Prevents ovulation and fertilization; *may* inhibit implantation, but only if it has not yet been initiated.
*~75% effective*
*Take within 72 hours* Ulipristal acetate (30 mg x 1 dose)
-Available only as ella

Inhibits or delays ovulation

May inhibit implantation (Category X in pregnancy)
-Pregnancy should be excluded before prescribed
-The only oral EC approved for use between
72 and 120 hours. Mifepristone (RU 486)- used along with misoprostol

Blocks progesterone receptors, leading to endometrial deterioration and death of implanted embryo; cervical dilation, and uterine contraction.

*95-98% effective at pregnancy termination*
*Taken within 63 days of last missed period* In December 2011, Plan B One-Step was approved for "all women of child-bearing age," though the Secretary of the US Department of Health & Human Services disagreed with this decision- Thus, was only made available OTC for women over 17 years old.

*On April 5, 2013, a US federal judge ruled that levonorgestrel-based emergency contraception must be available OTC for all ages, without point-of-sale restrictions, beginning "within thirty days."*

Many states have issued additional laws which increase access to emergency contraceptives References Daniels K, Jones J, Abma J. Use of Emergency Contraception Among Women Aged 15–44: United States, 2006–2010. National Center for Health Statistics Data Brief, No. 112, February 2013. Available online at http://www.cdc.gov/nchs/data/databriefs/db112.htm. Accessed April 2013.
Powell C. Hormonal Birth Control and Abortifacient Mechanisms. Senior Honors Thesis, Liberty University. Spring 2012. Available at: http://digitalcommons.liberty.edu/cgi/viewcontent.cgi?article=1287&context=honors&sei-redir=1&referer=http%3A%2F%2Fwww.google.com.pr%2Fsearch%3Fhl%3Den-PR%26source%3Dhp%26q%3Dabortifacient%2Bmechanism%26gbv%3D2%26oq%3Dabortifacient%2Bmechanism%26gs_l%3Dheirloom-hp.3...547.5780.0.5905.
Fuentes EC, Azize-Vargas Y. Knowledge, attitudes and practices in a group of pharmacists in Puerto Rico regarding emergency contraception. 2007.PRHSJ 263;3:191-197.
State Policies in Brief: Emergency Contraception. Guttmacher Institute; www. guttmacher.org. 1 April 2013.
FDA Approved Emergency Contraceptive Products Currently on the US Market. Reproductive Health Technologies Project.; www.rhtp.org December 2011.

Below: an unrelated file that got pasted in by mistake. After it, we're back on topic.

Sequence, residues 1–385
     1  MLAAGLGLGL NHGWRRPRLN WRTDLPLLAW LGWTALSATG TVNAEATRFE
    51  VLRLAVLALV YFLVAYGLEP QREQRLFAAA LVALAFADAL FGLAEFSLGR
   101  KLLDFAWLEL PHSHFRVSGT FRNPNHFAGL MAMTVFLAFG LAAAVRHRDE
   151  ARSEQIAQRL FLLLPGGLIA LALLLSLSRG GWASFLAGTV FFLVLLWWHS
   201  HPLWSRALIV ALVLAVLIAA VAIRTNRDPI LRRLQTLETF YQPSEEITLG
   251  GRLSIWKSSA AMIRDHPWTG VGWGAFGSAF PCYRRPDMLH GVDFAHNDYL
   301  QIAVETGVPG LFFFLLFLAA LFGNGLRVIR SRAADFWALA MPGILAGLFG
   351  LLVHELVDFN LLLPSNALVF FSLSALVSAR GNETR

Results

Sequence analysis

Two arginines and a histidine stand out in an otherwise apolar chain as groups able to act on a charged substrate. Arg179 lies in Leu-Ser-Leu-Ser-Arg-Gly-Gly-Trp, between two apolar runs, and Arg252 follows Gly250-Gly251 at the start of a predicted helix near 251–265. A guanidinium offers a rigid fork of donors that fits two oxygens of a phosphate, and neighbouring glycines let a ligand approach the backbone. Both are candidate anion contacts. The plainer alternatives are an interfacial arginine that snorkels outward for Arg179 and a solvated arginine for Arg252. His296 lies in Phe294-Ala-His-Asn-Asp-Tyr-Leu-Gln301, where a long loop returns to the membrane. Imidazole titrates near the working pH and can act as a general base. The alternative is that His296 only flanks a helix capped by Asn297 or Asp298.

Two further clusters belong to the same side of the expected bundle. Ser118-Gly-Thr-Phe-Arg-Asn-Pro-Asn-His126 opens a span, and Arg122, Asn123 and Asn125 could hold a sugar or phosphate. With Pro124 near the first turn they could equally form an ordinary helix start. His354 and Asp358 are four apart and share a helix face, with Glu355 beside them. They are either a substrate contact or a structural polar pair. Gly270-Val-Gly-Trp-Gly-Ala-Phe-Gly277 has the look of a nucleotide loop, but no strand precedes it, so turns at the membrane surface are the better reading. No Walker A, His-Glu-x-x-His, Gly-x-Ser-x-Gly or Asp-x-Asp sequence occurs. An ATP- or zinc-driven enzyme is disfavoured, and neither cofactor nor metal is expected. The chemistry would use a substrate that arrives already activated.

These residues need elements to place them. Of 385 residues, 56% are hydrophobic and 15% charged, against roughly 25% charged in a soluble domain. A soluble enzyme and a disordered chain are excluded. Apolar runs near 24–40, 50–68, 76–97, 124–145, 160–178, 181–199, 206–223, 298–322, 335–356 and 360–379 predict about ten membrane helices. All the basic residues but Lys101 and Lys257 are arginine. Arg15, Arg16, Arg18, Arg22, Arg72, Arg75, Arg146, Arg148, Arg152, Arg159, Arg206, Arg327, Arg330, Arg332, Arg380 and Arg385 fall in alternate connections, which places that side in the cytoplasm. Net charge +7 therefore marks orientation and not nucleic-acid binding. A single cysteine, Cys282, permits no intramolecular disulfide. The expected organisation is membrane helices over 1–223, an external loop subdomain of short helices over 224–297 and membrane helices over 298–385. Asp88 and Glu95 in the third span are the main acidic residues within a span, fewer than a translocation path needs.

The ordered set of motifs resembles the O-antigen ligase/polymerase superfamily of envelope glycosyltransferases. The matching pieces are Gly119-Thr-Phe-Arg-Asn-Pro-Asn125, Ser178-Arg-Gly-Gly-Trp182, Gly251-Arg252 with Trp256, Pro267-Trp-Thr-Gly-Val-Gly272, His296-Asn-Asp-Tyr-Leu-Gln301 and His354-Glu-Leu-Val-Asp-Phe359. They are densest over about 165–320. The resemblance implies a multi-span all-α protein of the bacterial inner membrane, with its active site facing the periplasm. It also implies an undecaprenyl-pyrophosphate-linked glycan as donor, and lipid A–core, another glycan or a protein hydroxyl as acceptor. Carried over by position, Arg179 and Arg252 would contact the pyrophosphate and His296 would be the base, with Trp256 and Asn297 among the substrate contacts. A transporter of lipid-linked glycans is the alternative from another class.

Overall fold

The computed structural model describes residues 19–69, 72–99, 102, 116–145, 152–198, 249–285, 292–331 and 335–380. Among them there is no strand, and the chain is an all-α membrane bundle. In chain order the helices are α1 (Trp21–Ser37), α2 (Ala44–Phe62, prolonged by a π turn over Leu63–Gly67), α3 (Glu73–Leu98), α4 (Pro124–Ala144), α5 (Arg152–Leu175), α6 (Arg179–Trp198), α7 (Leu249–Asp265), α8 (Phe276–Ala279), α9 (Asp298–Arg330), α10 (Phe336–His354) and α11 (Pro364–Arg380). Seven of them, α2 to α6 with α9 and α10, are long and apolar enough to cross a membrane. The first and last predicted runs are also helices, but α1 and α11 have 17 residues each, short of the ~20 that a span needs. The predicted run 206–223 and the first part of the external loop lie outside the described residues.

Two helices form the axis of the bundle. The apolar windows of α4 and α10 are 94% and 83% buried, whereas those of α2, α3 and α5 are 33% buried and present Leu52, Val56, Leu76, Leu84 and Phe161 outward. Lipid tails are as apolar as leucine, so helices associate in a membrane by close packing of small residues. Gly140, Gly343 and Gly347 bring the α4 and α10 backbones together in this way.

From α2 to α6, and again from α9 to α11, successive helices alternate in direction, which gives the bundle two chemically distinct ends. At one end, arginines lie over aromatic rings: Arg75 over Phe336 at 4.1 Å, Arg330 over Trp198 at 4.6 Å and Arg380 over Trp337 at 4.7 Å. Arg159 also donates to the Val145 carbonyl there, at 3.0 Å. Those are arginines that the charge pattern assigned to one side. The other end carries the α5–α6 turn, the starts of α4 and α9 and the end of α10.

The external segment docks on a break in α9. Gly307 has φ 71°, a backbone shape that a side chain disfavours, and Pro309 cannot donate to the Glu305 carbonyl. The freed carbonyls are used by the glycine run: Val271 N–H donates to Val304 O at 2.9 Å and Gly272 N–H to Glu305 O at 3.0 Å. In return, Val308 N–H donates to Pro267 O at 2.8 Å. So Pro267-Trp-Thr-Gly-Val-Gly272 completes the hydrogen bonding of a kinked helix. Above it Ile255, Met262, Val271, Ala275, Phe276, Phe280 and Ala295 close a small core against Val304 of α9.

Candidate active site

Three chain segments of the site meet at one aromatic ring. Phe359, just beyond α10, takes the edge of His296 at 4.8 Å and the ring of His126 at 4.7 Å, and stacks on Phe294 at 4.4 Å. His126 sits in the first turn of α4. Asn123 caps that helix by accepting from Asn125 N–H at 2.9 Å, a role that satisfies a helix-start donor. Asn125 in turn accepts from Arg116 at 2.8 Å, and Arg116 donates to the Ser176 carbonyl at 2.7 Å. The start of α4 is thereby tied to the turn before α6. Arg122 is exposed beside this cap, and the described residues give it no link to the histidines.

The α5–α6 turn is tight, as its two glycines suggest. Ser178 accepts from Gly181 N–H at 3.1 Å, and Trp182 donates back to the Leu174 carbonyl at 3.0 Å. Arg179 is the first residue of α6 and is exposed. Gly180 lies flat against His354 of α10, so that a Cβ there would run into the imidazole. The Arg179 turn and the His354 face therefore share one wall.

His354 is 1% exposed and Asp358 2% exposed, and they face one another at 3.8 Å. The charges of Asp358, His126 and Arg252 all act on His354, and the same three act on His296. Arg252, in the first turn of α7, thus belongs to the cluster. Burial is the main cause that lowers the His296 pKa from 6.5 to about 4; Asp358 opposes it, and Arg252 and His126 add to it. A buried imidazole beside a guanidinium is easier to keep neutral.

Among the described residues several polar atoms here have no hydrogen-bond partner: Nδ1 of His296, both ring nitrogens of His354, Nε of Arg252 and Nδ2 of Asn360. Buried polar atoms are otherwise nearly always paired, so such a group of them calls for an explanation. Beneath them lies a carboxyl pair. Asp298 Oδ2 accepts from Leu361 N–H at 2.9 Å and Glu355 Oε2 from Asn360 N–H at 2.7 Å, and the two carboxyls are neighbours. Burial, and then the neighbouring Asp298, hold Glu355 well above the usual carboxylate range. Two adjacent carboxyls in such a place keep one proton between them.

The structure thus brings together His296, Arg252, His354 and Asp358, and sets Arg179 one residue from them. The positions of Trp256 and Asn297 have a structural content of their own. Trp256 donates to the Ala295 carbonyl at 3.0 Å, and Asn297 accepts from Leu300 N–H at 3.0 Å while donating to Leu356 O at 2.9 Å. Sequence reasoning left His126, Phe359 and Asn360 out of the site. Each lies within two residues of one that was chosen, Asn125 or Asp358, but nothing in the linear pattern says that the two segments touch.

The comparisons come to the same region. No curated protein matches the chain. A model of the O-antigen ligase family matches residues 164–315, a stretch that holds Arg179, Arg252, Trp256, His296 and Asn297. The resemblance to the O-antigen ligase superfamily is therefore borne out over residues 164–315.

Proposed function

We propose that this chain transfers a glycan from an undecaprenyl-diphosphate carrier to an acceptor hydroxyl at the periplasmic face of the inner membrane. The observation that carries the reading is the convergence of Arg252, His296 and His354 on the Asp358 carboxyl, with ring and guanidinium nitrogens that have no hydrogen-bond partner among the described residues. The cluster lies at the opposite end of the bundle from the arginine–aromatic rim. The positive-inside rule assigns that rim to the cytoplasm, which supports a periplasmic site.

The Emergency Contraception Website: Educational and Promotional Materials. Office of Population Research & Association of Reproductive Health Professionals. Available at: http://ec.princeton.edu/ecmaterials/index.html. Accessed April 2013.
Emergency Contraception State Laws. National Conference of State Legislatures. August 2012. Available at http://www.ncsl.org/issues-research/health/emergency-contraception-state-laws.aspx. Accessed April 2013.
Emergency Contraception: The Pivotal Role of the Pharmacist. American Pharmacists Association: APhA Special Report (A Continuing Education Program for Pharmacists). 2007.
Wilkinson TA, Fahey N, Shields C, et al. Pharmacy Communication to Adolescents and Their Physicians Regarding Access to Emergency Contraception. Pediatrics 2012; 129:624-629.
American Academy of Pediatrics Committee on Adolescence. Emergency Contraception. Pediatrics 2012;130:1174-1182.
Dominguez L, Downing DF, Jordan B, et al. Emergency contraception: Update for pharmacists. Pharmacy Today 2010;50(6):48-60. Intrauterine Devices Prevent fertilization (primary mechanism) due to creation of hostile environment for sperm

Inhibit implantation (secondary); ova development

*~99% effective at 120 hours* Side Effects Oral Formulations:
Nausea (50%), vomiting (20%)
-May use preventative antiemetics 30-60 minutes prior to emergency contraceptive use
-Estimated to be worse with Yuzpe method vs. progestin-only formulations
Menstrual bleeding (12.5-13.8% for Plan B)

Intrauterine Device:
Abdominal pain
Menstrual changes (26%)
Nausea (43%)
Fatigue; Headache (both 17%) Understanding Contraception Preventing pregnancy
Fertilization (sperm + mature ovum)
Implantation (ovum into endometrial wall

Estrogen (ethinyl estradiol, or EE)
Suppresses FSH --> Suppresses follicular development

Progestin (levonorgestrel)
Ovulation "blocker" (cervical mucus, endometrial involution)